The actions of American eugenicists would suggest that they were certain about genetics, after all how could they have been so convinced to sterilize and kill in the name of it. The reality was that even genuine scientists during the 1920s did not really know what a gene was made of, how it worked and where you could find it. It was the equivalent of killing in the name of a god, and one only has to scan the newspapers for a minute today to realise how we inflict terror and violence on others because of the belief in a higher power.
“No one infers a god from the simple, from the known, from what is understood, but from the complex, from the unknown, and incomprehensible. Our ignorance is God; what we know is science.”
Robert G. Ingersoll
The eugenicists had an incomplete view of genetics that still lingers in the minds of people today. While it is true that a gene determines a physical feature, it is only partially the truth and in order to understand genetics more, it is helpful to understand two important words – genotype and phenotype. A genotype is an organism’s genetic composition – the genes that make up you. A phenotype refers to an organism’s physical or biological attributes and characteristics like the colour of your eyes. The Eugenicists made one sweeping and disastrous generalisation:
Genotype = Phenotype
To eugenicists, your life was already determined for you as soon as your mother gave birth to you. Who you are today, ranging from your behaviours, to your job, to your relationships is all determined by your genes. There are still traces of this thinking today. It is common to hear successful people being described as naturally gifted or being chosen. This is just a weaker form of the belief that nature is the ultimate judge of our fate.
“Everything should be made as simple as possible but not simpler”
An important factor that is missing from the equation that determines our phenotype is the environment. When a footballer breaks his ankle from a hard tackle, that is not because of his genes but rather the results of the interaction between the footballer and his environment. The footballer’s phenotype has been affected- he will have scars on his ankle for the rest of his life – but his genotype has not changed and his children will not be born with broken ankles. The same applies for cognitive traits. It is well known that being part of a dysfunctional group will make you feel more unstable and paranoid, whereas being part of a stable group will make you feel calmer, happier and healthier. Environments matter considerably so our equation becomes:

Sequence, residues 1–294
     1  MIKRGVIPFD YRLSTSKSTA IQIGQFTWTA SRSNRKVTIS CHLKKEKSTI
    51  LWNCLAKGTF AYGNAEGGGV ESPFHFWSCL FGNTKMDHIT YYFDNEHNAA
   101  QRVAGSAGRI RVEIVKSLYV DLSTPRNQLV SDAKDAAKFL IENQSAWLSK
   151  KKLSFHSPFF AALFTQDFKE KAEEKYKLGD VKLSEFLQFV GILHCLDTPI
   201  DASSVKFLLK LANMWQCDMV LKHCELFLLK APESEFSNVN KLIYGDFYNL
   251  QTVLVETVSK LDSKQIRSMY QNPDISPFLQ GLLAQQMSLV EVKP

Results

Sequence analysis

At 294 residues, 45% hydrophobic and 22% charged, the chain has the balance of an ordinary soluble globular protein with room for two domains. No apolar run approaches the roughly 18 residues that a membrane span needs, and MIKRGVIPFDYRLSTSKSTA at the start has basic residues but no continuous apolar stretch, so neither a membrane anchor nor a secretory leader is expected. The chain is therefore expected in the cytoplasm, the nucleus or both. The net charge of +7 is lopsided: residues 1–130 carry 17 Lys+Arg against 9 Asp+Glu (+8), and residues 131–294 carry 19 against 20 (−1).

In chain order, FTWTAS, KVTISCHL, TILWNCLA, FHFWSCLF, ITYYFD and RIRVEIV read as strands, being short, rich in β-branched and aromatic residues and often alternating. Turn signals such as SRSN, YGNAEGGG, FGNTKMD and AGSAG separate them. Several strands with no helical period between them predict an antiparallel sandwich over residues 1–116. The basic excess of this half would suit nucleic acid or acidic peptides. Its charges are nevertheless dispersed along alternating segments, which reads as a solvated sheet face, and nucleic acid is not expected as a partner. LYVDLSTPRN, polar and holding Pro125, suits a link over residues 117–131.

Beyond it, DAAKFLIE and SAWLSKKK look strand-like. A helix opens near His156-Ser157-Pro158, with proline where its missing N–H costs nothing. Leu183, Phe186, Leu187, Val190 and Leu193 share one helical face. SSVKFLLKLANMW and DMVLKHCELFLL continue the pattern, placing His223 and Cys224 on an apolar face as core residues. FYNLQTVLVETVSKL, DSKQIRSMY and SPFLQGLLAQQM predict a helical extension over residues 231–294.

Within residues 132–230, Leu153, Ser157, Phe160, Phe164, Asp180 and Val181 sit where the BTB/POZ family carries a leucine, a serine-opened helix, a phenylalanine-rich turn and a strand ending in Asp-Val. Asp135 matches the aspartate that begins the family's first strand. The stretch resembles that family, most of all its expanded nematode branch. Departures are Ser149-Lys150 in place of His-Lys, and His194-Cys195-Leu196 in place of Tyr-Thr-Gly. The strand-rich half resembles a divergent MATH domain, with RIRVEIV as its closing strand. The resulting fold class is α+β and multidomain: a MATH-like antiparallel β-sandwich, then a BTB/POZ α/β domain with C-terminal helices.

genotype + environment = phenotype
The interaction between your genotype and the environment is interwoven with luck. Randomness affects all interactions in the universe. We can never be truly certain and nothing is ever guaranteed. In the context of genes, a mutant BRCA1 gene increases the risk for breast cancer – but not all women carrying the BRCA1 mutation develop cancer.
In the context of environment, we do not get to choose our parents and where we are born and raised. Some get lucky and are born into rich families in Europe and America. Others are not so lucky and are born into poor families in the Congo and Somalia. The different outcomes, while simply down to chance, will affect the biological and physical attributes of these people.
Chance has the ability to shift the balance between how much of a certain characteristic is determined by our genes or our environment. For example, a child born to a wealthy family has plenty of food available so should, in theory, grow to the height specified by her genes. In this case, chance has placed greater weight on genotype than the environment. On the other hand, if a child is starving then her height will be stunted regardless of her genotype. This serves as a strong argument for helping the less fortunate as it is impossible for any human to reach their genetic potential without an adequate environment.
chance-g (genotype) + chance-e (environment) = phenotype
Our final equation then captures the essence of the interactions between heredity, chance, environment, variation and evolution in determining the form and fate of an organism. Now that we have a unifying principle that connects us all, maybe we can show more empathy and humility towards each other. Perhaps only then can we save the present and future Carrie Bucks of this world – victims of unfounded beliefs about human beings.
Inspiration: Siddhartha Mukherjee’s The Gene: An intimate history
Image credit: Paul Idrobo